The Indian Art of War: The Mahabharata Paradigm (Quest for an Indian Strategic Culture)
Bakshi, G.D. (Brig.)
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Book ID : 673
ISBN-10 : 81-85616-81-7 / 8185616817
ISBN-13 : 978-81-85616-81-0 / 9788185616810
of Publication :
of Publication :
Edition : (First Edition)
Language : English
xi, 164p., Bib., Index, 25 cm.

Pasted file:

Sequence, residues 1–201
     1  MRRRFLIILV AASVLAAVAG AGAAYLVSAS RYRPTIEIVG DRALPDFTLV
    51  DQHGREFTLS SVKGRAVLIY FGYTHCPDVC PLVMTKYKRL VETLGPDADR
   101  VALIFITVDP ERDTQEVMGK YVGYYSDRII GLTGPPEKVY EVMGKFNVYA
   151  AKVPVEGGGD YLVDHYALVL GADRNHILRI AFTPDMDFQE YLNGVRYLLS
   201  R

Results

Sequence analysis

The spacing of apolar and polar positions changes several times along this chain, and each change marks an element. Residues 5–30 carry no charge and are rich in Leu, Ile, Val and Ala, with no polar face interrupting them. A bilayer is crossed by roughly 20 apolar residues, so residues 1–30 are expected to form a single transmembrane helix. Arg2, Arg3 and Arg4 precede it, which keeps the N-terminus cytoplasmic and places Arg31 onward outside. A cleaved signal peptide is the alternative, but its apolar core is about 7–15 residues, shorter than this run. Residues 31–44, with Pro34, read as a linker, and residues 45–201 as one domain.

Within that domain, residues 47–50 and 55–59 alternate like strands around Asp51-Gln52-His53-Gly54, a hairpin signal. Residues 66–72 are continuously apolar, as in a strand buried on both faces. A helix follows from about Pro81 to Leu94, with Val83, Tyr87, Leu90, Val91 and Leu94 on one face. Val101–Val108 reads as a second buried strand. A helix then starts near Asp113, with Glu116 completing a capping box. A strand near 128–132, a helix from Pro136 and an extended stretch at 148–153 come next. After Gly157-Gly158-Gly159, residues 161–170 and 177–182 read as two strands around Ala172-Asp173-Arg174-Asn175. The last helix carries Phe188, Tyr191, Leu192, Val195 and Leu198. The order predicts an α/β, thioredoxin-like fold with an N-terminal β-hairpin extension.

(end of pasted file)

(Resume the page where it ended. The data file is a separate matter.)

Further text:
The Mahabharata is the primary source book of Indian military thought and tradition. It is truly an index of civilization development and constitutes the Indian "Weltanschauung". Over two millenniums ago it outlined an attrition oriented Indian paradigm of war that was primarily centered on a pure "force on force" regime. The Indian armies of that period had evolved from the two basic arms of the early Vedic period (infantry and chariots) to a highly sophisticated four arms structure comprising chariots, elephants, cavalry and infantry. Surprisingly, this military organizational format was to remain constant in India till almost the tenth century A.D. The chariots were the prize arm of that Mahabharata era. The Mahabharata mentions Vyuhas or battle arrays and battle drills that coordinated the actions of these four variable speed maneuver masses on the battlefield. The prime aim was destruction and annihilation of the enemy through systematic attrition. Surprisingly, this Vyuhas methodology has great relevance for the modern mechanized forces, which need to synergies the actions of all arms teams in the form of combat groups and teams. The Mahabharata constitutes an Indian paradigm of war that is based on attrition and annihilation in pure force on force engagement. Alexander’s invasion led to a clash of the Indian and Greek civilizations. In response to the mobility paradigm of the Greeks, Kautilya transformed the Indian art of war into a more mobile form based on the massed employment of war elephants, Kautilya became the worlds first Grand Master of Information War. However this was a brief interlude of brilliance and Indians soon regressed to the attrition paradigm of the Mahabharata. This paradigm remains the archetypal Indian form of war. In this book an attempt has been made to take an objective look at the military content of the Mahabharata. It has been studied in relation to the development of military art in Sun Tzu’s China-a civilization of matching scale and antiquity. Some years ago American scholars like George Tanham and Stephen P. Rosen had essayed forth in quest of an historic Indian strategic culture or an Indian way of war. They concluded sadly that there was none. This book differs radically. It insists that there is an Indian paradigm of war and the Mahabharata epic provides us a clear insight into this historical Indian way of war. An understanding of this racial inheritance is critical if modern India is to evolve its own military theories and doctrines that suit its innate cultural genius. A systematic study of the military content of the Mahabharata is therefore a prime need of the hour and hopefully, in the coming years, indologists will focus their research efforts in this fascinating field.